The Day After The Feast…

Happy day after Thanks Giving. Sitting in the Apple Store waiting for my phone to reset, I ponder the day ahead. Leading my first night time mountain bike ride up Tiger Mountain in Issaquah, Washington. So far no one has registered, but I must show up. Show up for me, show up for those who can’t be there but would be. Show up because I’m being called to the mountains. Show up because I committed to being there for others.IMG_0975

I signed up for being a ride leader because I want to make a difference in other’s lives and push the bounderies of my comfort zone. How is this pushing past my comfort zone? It’s certainly not mountain biking at night. Most of my rides growing up were in the dark because that’s when we had time to ride. People got home from work, shops closed, and the night was ours. I remember being the youngest one on all the rides that’s because this was my father’s friends. My comfort zone is being pushed by building a network of riders, meeting strangers, who are just like me who just want to ride on a Friday night. See our normal trails with a different perspective. Leading is not new to me, I love it. Maybe this isn’t pushing my comfort zone, maybe I’m just excited.


This post is short, but that’s because it’s beautiful outside, and I want I be out there. Who is going to join me? Wherever you are in this world, we’ll be connected through nature. Feel the ground, witness the beauty, breath into the heavens, open your heart to the world. We are all one.

Published by: Coach DanielH

Daniel Heller is a strength and conditioning coach, working in the field since 2007 where he began as an intern at Hope’s Gym in Monroe, Washington. In 2009, a month after graduating from Bastyr University, Daniel became a Certified Strength and Conditioning Specialist (CSCS) through the National Strength & Conditioning Association (NSCA). Since then, he has served as a strength and conditioning coach in the private sector, helping athletes from youth through college level in ice hockey, figure skating, mountain biking, football, and motocross. He works closely with each athlete’s physical therapists and doctors to ensure safety and performance improvement. In 2013, Daniel received the designation of Registered Strength & Conditioning Coach (RSCC) through the NSCA. On the side Daniel was the exercise physiology, biomechanics, and kinesiology consultant for the Advanced Products Development Team at Oakley Inc. He is the Cofounder and Head Strength & Conditioning Coach at Seattle Institute of Athletic Performance providing Functional Movement Screens, corrective exercises, athletic performance programs, as well as educating athletes and parents on the importance of Long Term Athletic Development (LTAD) and practice of heads up sports. Daniel’s passion for strength and conditioning stems from his days as a competitive ice hockey player and mountain biker, aside from the many recreational sports he participates in. He is the true strength & conditioning coach for competitive youths aiming for long careers as athletes but also the weekend warriors that train during the week to stay safe on the weekends. In 2015, Daniel took a year break from coaching in Seattle, Washington to pursue his dream of acquiring a masters degree. He returned to Seattle in September 2016 with a Masters of Science in Strength & Conditioning from the University of Edinburgh after living in Edinburgh, Scotland for a year. By immersing himself in the cycling community of Scotland, he was inspired to focus his dissertation on competitive cyclists from varying disciplines where he researched a potential method of improving stationary sprint start performance. He is excited to return to coaching mountain biking combining his childhood passion with his academic and applied expertise.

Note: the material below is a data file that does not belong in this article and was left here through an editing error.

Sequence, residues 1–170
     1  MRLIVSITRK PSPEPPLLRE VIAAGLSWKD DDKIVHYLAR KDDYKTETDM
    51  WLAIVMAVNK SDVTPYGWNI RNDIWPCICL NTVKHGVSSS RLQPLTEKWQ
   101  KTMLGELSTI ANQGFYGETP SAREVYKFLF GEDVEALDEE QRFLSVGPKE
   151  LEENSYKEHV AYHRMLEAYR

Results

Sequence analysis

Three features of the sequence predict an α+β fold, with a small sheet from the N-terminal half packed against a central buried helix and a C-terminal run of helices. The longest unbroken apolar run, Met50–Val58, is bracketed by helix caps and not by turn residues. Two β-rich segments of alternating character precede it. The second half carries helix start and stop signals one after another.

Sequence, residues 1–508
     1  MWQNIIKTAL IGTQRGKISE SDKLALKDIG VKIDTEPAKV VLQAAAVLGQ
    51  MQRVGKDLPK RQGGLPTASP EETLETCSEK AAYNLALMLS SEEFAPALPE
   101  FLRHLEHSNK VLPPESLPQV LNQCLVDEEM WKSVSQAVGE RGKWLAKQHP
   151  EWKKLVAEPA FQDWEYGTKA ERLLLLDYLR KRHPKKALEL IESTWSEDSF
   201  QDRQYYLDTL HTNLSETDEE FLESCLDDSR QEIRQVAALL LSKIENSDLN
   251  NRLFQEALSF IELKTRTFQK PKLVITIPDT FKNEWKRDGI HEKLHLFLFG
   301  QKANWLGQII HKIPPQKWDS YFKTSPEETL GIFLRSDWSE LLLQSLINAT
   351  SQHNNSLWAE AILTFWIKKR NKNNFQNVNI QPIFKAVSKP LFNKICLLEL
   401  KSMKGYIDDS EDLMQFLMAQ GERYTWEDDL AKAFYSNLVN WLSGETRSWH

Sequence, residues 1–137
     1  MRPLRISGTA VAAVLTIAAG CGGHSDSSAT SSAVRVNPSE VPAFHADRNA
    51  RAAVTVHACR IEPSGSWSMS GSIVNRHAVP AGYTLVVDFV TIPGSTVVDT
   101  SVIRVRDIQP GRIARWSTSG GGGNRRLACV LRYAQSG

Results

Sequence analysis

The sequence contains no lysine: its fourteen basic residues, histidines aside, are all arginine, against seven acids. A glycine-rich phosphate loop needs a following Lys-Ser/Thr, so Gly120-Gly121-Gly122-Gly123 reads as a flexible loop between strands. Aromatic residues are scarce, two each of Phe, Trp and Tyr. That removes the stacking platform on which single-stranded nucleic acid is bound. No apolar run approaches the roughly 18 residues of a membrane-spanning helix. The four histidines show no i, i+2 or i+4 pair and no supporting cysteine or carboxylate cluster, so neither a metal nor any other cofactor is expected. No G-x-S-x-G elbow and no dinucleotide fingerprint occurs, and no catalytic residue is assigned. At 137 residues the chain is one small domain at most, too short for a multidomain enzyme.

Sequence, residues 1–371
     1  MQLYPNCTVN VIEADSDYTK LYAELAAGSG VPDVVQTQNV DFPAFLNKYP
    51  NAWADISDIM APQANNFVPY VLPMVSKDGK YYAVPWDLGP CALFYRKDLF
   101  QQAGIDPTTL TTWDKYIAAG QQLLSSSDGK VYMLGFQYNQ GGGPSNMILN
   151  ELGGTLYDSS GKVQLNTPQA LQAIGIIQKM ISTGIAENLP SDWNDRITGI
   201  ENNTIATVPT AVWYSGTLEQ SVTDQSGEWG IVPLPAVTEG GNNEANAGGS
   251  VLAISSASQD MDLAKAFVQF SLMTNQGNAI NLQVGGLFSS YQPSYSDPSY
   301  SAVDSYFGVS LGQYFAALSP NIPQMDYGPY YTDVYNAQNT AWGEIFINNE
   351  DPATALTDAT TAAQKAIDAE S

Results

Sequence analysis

Categories UncategorizedLeave a comment

Leave a Reply

Fill in your details below or click an icon to log in: Logo

You are commenting using your account. Log Out /  Change )

Facebook photo

You are commenting using your Facebook account. Log Out /  Change )

Connecting to %s